It does. M.R. James said you should always set a ghost story in the past, and I think that’s good advice. If you look at his stories, their entire settings are haunted. If his characters get on a train, it’s a steam train; and if they go to Aldeburgh it’ll be full of people with horses and carts or whatnot: it’s an Edwardian world, and to us that world is haunted anyway. It’s also haunted by what’s going to happen to it: it’s going to be pulverised by the First World War. But it’s also haunted by our memory of it, as an idyll of some kind. And the 1970s has now undergone the same process.

The other big influence was Mark Fisher, whose work I only discovered as I was writing this book. I loved his ideas about cultural deceleration… the notion that culture hasn’t really moved on since about the mid-1990s. It’s very hard to argue with that. Especially since the age of the internet: what used to be a plurality of stories has become just one story now. We’ve only got the internet. It’s now devoured everything, and sometimes it seems that the only story we can tell is a story told through technology.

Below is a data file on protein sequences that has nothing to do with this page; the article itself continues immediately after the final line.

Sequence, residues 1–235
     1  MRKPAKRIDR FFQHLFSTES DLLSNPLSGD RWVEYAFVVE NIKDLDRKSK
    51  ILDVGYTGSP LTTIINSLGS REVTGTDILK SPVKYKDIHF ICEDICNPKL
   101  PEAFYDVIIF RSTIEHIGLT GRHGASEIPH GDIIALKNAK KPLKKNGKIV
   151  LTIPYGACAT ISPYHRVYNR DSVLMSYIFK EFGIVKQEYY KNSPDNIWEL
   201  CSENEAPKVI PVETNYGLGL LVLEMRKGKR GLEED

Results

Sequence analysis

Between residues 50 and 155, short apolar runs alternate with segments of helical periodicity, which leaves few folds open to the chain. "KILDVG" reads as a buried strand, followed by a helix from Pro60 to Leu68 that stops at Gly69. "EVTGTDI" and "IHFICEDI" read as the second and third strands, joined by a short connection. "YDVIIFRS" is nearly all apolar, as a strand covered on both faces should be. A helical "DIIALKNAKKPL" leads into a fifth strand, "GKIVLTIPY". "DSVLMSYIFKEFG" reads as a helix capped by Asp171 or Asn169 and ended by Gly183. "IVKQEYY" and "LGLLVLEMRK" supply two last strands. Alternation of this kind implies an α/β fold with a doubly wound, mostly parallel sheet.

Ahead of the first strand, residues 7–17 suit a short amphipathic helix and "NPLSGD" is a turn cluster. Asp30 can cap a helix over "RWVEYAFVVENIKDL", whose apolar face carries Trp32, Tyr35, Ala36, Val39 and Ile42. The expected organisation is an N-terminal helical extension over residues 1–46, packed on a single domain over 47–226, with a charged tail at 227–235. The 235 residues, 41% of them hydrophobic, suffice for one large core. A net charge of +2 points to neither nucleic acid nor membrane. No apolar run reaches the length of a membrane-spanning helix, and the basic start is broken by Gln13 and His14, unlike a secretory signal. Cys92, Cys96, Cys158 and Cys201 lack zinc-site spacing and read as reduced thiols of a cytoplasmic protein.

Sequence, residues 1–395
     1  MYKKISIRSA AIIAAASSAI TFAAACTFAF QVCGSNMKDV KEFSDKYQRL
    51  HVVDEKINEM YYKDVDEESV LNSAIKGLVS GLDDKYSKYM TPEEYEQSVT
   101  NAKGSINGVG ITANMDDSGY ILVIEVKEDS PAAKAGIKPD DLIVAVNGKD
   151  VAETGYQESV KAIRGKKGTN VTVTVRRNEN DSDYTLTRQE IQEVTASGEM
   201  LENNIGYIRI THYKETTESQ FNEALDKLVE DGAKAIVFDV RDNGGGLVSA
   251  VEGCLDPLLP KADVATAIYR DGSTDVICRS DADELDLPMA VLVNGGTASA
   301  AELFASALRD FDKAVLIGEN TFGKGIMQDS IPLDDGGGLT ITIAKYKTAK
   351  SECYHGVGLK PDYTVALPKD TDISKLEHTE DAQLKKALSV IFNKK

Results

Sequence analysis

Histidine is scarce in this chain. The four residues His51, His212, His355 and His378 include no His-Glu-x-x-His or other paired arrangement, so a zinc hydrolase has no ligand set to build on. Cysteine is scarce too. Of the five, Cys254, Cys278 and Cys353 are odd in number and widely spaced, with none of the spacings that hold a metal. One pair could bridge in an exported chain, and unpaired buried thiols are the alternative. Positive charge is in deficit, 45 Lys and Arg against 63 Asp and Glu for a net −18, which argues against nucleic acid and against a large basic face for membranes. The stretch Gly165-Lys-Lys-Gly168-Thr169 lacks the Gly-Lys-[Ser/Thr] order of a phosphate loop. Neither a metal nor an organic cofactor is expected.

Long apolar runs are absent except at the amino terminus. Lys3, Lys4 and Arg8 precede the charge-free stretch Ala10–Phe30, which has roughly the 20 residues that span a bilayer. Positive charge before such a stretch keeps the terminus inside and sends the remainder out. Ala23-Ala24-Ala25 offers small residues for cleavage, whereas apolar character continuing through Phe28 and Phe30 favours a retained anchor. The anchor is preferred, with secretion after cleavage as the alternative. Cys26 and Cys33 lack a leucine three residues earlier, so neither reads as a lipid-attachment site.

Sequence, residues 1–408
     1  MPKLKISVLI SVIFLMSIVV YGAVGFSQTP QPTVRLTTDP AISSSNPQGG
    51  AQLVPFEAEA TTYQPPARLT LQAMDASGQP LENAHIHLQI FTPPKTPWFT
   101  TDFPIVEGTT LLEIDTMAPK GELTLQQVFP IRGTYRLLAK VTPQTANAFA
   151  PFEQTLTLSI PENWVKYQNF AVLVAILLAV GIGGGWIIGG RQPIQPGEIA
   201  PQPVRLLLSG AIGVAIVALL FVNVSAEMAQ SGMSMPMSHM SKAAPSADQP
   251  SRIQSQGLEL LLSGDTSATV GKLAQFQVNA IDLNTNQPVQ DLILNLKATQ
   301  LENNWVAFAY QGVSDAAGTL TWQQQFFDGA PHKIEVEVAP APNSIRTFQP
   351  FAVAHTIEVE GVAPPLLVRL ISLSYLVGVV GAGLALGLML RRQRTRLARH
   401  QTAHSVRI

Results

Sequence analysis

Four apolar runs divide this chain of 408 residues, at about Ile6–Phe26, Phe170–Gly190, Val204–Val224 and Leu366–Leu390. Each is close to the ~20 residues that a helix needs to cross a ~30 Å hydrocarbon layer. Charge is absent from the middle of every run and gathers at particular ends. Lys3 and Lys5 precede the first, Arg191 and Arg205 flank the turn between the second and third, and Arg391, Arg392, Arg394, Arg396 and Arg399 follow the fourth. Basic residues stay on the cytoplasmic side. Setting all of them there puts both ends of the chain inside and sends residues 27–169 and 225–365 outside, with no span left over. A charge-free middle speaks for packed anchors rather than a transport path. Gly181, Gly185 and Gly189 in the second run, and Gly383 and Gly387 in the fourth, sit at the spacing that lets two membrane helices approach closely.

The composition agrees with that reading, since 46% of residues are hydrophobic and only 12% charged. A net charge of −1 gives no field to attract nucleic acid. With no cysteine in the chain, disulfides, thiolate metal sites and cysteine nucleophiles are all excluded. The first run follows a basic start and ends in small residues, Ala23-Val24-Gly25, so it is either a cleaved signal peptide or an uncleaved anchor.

Exemplified by the ghost that contacts the kids during the seance, Tobias Salt: nowadays, they’d just Google him to see whether he’d ever been a real person.

They totally would – there’d be absolutely no story! I mean, there are still unsettling stories you can tell in the digital age. Black Mirror has proved that. But the internet doesn’t lend itself well to the supernatural, I don’t think. The only influence of it on The Apparition Phase is the Slender Man… “Mr S” in the book is an echo of him. I like that idea of the open source myth… although, obviously, it spilled into the real world with terrible consequences.

The Slender Man is such a bizarre phenomenon. We know exactly who invented that story, and where, and when. It’s documented. And yet, that doesn’t seem to matter to some people…

It doesn’t, and that’s really interesting. Also, we’ve just seen QAnon and the fruit that has borne. It’s an age when these things have such a real world currency, and yet they are nakedly fictional. It’s very strange. That interaction is such an interesting thing to write about.

Is that something you’d like to explore more, then?